Destiny Worship Center’s praise team, lead by music director Raenicha Johnson (standing left), practices Friday night. Destiny’s choir will sing at 8:30 a.m. at the Rev. Dr. Martin Luther King Jr. breakfast in the Wells Conference Center at the University of Maine.

Most church choirs take time to catch their breath after the busy Advent and Christmas seasons. That is when Destiny Worship Center’s praise team is just getting warmed up.

That’s because Destiny, which holds services at the Bangor Masonic Hall on Union Street, is the most racially diverse congregation in the area. Its specialty is traditional gospel music and modern praise songs which focus on the solos and harmonies associated with black churches.

The Rev. Dr. Martin Luther King Jr.’s birthday is when Destiny’s singers are most in demand. Music director Raenicha Johnson of Bangor chooses a mix of traditional and newer music for performances but almost always includes “Lift Every Voice and Sing,” nicknamed the “National Black Anthem.”

The song was first performed in 1900, at a segregated school in Jacksonville, Florida, by a group of 500 children celebrating the anniversary of the birth of President Abraham Lincoln, according to National Public Radio. Nineteen years later, it was adopted as the song of the NAACP.

About half the members of Destiny’s praise team learned the song as children in black churches outside Maine.

Brian Hurst of Bangor founded the church in 2009 to serve a racially and ethnically diverse population through music and ministry. Hurst, whose father is a minister, grew up in Bangor and felt a strong connection to gospel music.

Johnson joined Destiny in its first year. She began singing in a church choir at age 3. Being part of a congregation where she felt comfortable and able to contribute musically was important to her. She visited other churches but simply did not connect with their worship styles the way she did at Destiny, which is nondenominational.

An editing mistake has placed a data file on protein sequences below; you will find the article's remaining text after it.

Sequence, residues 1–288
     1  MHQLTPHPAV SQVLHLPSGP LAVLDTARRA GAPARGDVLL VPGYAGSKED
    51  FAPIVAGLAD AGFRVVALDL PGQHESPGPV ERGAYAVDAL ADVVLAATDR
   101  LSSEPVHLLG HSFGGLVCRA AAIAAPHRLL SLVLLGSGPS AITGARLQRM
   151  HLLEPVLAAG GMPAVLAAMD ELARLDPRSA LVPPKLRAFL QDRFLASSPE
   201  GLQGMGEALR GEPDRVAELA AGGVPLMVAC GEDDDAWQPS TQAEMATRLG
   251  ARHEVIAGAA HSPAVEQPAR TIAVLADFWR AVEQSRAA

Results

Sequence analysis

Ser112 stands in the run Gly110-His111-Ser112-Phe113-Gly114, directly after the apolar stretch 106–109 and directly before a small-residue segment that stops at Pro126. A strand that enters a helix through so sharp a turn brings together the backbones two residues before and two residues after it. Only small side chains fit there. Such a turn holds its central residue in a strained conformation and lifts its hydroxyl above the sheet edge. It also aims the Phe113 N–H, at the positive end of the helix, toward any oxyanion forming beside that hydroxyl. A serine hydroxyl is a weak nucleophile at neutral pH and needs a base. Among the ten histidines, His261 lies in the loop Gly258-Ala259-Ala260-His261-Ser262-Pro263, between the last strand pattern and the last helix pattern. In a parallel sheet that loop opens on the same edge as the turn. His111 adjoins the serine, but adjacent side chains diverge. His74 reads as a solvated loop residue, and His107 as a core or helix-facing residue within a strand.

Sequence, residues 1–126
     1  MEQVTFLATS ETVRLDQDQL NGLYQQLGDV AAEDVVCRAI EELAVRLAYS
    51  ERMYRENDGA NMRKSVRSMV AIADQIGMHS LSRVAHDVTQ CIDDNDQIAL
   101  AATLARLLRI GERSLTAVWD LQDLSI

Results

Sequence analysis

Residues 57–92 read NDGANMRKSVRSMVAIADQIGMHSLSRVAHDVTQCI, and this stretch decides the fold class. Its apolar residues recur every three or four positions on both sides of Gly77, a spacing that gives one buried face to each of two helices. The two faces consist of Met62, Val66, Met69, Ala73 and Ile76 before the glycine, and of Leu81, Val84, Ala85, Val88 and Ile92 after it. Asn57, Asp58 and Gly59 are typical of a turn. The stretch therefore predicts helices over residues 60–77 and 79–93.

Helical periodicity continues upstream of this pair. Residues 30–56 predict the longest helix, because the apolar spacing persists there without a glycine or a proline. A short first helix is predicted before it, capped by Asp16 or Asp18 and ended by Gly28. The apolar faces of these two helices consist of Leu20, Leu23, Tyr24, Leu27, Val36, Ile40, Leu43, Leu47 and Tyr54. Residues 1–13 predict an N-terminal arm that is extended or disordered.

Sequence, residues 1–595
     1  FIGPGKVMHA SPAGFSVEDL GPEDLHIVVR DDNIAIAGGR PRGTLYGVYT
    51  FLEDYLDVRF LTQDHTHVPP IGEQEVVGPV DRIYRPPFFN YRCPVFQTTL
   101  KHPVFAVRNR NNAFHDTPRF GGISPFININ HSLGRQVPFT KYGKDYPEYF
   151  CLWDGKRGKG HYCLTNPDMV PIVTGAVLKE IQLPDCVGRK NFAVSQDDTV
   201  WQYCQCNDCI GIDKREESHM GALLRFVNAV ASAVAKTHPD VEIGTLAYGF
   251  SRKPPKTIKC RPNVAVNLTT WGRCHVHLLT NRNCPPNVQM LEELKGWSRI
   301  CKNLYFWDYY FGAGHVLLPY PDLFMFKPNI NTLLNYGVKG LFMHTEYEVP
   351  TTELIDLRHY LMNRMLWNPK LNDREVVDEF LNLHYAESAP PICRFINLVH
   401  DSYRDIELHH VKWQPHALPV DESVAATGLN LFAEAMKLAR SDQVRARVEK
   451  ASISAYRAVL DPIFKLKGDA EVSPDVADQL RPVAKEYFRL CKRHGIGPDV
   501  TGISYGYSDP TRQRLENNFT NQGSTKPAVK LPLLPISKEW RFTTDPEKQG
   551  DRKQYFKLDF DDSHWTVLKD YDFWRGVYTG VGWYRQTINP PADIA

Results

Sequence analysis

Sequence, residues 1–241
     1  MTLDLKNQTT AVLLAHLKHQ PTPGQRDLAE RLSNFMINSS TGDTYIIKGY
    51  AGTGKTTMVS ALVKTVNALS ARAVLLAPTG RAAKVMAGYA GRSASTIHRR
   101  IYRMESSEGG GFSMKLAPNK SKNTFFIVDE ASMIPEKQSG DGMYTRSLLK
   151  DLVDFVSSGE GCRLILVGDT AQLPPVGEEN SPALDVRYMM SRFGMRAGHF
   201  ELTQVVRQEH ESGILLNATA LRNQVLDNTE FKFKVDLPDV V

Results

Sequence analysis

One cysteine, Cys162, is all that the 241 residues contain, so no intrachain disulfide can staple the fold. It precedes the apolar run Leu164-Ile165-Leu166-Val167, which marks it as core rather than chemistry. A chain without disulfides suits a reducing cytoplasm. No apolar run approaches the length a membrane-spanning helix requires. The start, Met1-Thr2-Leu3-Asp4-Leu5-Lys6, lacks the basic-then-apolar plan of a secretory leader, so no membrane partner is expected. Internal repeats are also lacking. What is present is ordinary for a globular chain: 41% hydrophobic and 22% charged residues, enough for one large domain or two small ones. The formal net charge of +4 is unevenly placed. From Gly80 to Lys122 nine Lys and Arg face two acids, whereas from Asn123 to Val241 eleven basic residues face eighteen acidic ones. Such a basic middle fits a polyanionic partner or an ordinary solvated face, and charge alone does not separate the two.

“This reminds me of home,” she told the Bangor Daily News in 2010.

In 2018, Destiny considered merging with Columbia Street Baptist Church, affiliated with the American Baptist Church, but congregants voted to remain independent. Between 70 and 80 people attend services each Sunday.

Unlike most Bangor-area church choirs, Destiny’s singers don’t use hymnals or sheet music.

“We learn it all by ear and memorize the composition,” Hurst said Friday. “We improvise a lot, but we call it Destinizing.”

At a rehearsal Friday, Priscilla Monccrieffe of Bangor could not hold still. She swayed and clapped her hands to the music.

“I believe that praise music is an integral part of people entering into worship and sets the atmosphere for the word of God to be spoken,” said Moncrieffe, who has been attending Destiny since its second service. “I just can never sit still when we sing.”

Carol-ann Duncan-Dean of Corinth, a Bangor therapist, invited the choir to rehearse in her office Friday night after a snowstorm caused Thursday night’s practice to be canceled. She thinks this year it is especially important to celebrate King’s message.

“This year everyone’s so divided,” she said.

The praise team will sing at 4 p.m. Sunday for “A Service of Light” at St. John’s Episocpal Church, 234 French St. in Bangor, with choirs from Congregation Beth El, the Salvation Army, All Souls Congregational Church and other Protestant churches in Greater Bangor.

Destiny’s choir also will sing at 8:30 a.m. at the Rev. Dr. Martin Luther King Jr. breakfast in the Wells Conference Center at the University of Maine in Orono.